There’s a thing haunting me. It walks behind me and it’s called forever. Inside it is a memory. I remember seeing this wheeled contraption with a face move down a dark wooden hallway, on a screen, being told this is a rare and terrifying thing to see.
I see where the bad dreams go when I finally get to dictate that figure’s actions a decade later. The man gets into Garage and dreams of machines. There is a deep long valley and he links his piping to it. It’s 1999 and his shadow wants sneakers. It’s 2022, the Garage has been translated into English.
In the new world where robots are ancient milk monsters, the man manifests as trapped inside. This happens to the people he meets too and nobody knows if it was meant to be this way. They torture here, and tyrannically, they do it to the bodies of “the females” and then when that’s not enough to their shadow selves. It is performance art, you can collect reels and posters that represent it, collect notes that notate it, collect the past’s ephemera and sell it off for objects that keep you running, keep you buying more crabs to bait more frogs to feed to the robots.
The female robots feed milk to the male robots who do the work. The male robots use their special organ to reach inside the belly of the female robots and stir the milky. It is and always was this way right? There is one who doesn’t… Lou… she fishes, and she has the organ supposedly unique to the male robots too, and she has been tortured, and likes music, and… solitude.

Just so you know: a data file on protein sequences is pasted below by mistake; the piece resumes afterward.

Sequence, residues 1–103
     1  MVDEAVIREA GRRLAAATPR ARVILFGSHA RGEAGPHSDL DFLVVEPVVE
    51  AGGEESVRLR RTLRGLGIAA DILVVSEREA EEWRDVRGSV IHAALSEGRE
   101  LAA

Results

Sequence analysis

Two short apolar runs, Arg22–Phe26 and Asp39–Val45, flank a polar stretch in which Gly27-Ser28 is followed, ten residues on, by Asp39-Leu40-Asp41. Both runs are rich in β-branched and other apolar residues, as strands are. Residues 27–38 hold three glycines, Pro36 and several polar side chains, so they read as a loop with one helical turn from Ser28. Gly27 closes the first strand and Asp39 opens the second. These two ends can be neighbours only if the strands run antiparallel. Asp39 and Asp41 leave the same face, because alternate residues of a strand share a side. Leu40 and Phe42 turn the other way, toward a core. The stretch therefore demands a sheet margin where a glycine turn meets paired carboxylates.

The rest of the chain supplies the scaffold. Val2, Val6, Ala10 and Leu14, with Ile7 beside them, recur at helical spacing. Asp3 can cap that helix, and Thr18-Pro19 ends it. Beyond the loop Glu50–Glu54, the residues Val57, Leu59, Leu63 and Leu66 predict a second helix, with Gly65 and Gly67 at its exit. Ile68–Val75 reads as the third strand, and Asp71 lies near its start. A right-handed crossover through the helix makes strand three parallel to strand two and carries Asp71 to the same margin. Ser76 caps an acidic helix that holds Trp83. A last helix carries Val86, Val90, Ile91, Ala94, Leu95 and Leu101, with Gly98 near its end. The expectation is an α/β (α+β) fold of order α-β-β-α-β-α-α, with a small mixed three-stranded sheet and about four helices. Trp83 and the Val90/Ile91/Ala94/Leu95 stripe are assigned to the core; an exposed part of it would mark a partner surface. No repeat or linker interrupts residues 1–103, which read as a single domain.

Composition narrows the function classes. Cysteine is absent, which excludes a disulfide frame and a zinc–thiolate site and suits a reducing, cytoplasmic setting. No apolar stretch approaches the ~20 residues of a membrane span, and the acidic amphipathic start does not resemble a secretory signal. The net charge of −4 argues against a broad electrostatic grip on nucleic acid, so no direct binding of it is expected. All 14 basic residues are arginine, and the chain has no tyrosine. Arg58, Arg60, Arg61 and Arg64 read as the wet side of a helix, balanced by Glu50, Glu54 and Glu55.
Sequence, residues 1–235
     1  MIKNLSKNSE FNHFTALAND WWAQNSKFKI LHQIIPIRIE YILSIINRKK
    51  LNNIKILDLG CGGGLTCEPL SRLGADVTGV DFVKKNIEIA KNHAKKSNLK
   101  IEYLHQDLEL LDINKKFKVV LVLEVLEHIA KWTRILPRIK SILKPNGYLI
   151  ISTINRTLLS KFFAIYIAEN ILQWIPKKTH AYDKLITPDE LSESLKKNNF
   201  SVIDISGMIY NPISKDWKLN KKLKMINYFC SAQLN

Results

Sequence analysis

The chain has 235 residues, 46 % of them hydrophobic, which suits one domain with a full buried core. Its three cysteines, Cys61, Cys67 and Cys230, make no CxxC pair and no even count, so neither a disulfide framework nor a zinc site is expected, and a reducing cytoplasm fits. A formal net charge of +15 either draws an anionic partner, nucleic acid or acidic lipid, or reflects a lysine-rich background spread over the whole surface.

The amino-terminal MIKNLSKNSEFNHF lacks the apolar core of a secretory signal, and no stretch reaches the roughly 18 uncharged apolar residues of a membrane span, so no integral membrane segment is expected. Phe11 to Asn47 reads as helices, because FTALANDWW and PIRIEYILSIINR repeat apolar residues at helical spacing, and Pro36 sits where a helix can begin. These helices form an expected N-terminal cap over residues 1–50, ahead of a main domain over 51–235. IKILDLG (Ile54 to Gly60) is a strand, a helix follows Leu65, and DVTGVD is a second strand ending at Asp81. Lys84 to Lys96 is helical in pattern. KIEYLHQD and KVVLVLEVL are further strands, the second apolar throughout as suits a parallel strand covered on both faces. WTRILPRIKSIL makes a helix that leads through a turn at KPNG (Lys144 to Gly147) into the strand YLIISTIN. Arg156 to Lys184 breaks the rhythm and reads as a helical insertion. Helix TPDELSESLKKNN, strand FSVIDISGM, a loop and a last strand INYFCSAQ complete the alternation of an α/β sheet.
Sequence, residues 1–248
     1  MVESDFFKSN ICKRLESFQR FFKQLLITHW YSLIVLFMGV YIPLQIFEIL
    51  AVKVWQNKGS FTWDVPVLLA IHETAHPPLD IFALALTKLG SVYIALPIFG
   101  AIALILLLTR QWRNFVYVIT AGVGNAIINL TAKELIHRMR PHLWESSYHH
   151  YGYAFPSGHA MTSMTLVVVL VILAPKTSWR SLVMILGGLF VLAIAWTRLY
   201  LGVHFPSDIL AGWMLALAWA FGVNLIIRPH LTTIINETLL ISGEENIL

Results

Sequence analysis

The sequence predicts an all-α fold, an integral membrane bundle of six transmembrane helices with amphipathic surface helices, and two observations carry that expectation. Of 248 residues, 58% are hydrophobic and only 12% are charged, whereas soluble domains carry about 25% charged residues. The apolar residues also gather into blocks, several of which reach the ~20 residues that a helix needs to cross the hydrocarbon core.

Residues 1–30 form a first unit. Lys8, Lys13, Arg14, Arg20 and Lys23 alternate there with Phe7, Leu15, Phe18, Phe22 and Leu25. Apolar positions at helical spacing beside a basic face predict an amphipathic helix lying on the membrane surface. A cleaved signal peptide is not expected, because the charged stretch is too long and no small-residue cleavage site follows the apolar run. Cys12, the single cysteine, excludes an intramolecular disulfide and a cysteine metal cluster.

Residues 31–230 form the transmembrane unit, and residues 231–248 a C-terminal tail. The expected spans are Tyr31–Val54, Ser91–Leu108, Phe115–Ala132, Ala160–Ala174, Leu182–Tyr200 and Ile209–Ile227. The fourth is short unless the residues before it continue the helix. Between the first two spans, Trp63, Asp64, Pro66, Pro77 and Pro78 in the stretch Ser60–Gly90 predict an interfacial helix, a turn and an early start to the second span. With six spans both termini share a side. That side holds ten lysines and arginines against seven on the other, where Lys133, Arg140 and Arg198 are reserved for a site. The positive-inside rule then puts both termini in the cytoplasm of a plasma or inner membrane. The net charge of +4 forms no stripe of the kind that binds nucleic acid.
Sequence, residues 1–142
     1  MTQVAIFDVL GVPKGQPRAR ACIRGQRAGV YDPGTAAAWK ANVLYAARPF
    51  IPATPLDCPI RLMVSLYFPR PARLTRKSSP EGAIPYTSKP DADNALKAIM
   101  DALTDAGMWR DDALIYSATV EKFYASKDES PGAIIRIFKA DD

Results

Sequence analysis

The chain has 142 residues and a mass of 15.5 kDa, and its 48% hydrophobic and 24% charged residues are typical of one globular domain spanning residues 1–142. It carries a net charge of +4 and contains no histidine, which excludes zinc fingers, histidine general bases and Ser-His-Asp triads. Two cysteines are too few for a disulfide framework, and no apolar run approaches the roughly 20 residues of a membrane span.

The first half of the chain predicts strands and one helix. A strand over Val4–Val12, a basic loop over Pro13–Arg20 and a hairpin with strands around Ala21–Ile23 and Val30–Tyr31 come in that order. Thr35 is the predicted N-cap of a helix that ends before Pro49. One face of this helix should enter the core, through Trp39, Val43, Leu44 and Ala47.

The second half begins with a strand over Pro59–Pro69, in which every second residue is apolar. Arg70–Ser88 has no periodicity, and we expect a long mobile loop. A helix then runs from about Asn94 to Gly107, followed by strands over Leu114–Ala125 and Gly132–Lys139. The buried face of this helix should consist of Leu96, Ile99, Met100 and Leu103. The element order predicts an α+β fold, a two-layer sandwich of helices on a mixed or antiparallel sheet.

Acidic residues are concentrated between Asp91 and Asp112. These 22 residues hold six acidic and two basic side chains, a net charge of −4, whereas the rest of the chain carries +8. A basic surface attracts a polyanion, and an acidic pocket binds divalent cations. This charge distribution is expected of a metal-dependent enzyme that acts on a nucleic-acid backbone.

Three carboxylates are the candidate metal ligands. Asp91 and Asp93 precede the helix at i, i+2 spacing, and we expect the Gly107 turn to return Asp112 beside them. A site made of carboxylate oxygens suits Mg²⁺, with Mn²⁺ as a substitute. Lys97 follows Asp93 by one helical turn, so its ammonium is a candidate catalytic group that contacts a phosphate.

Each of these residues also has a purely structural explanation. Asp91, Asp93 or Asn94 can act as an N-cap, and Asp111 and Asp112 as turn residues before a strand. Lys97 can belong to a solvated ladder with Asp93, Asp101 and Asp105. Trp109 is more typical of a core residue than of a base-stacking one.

One of the reels you can collect is of her being thrusted on by another robot. It’s sexual and feels like it is exploitative, it isn’t clear what the nature is fully, the background to the moment never is alighted on but the thrusting robot sees Lou as his prize, and plaything. You free her, you ride her boat, she is the key to letting everybody out of the garage where the robots are tuned for parts and you mimic her actions. Is it that you are her?…
You are not, you are clearly the torturer who set up the world this way, as outlined by the plot, but finding myself feel represented in the way that the garage holds gender, like Legacy Russel states in Glitch Feminism, as a limiter on the “body”, to prevent it from becoming infinite, is odd. I had, in running from the past, the fear of the garage as being disgusting in a way that it curves itself around. It is as if, in its being, Garage is curling up around the grenade that it intends to let off through interrogating the assemblage of a body into personhood, into roles, as an act of self sacrifice. The garage makes you into the thing you refuse to see, the assembled parts. I had been afraid that it had no sense of this, was designed as another frustrated simulation of the sexual desires of a man possessed by the desire to subjugate ‘the female form’ into pure plaything. Simply because that’s how it’s presented in media and hype, as a perverse cult object.
Would it be less terrifying or more if it truly was just without nuance, because then you have to go, oh there is something here, something that gets to the terror of having a body fixedly gendered and expected upon.
Garage in both electric and frustrating ways reflects the rigorous terrors of gendered and capitalist society as something that propels assemblages towards doom. It does so through characters whose bad dream is not some jump scare, but the problem of living and finds the solution to it, in dissolving the state, as not comforting, not clean, and not desired by most, since it truly means a full exit. Turn off the pumps, we’re going home.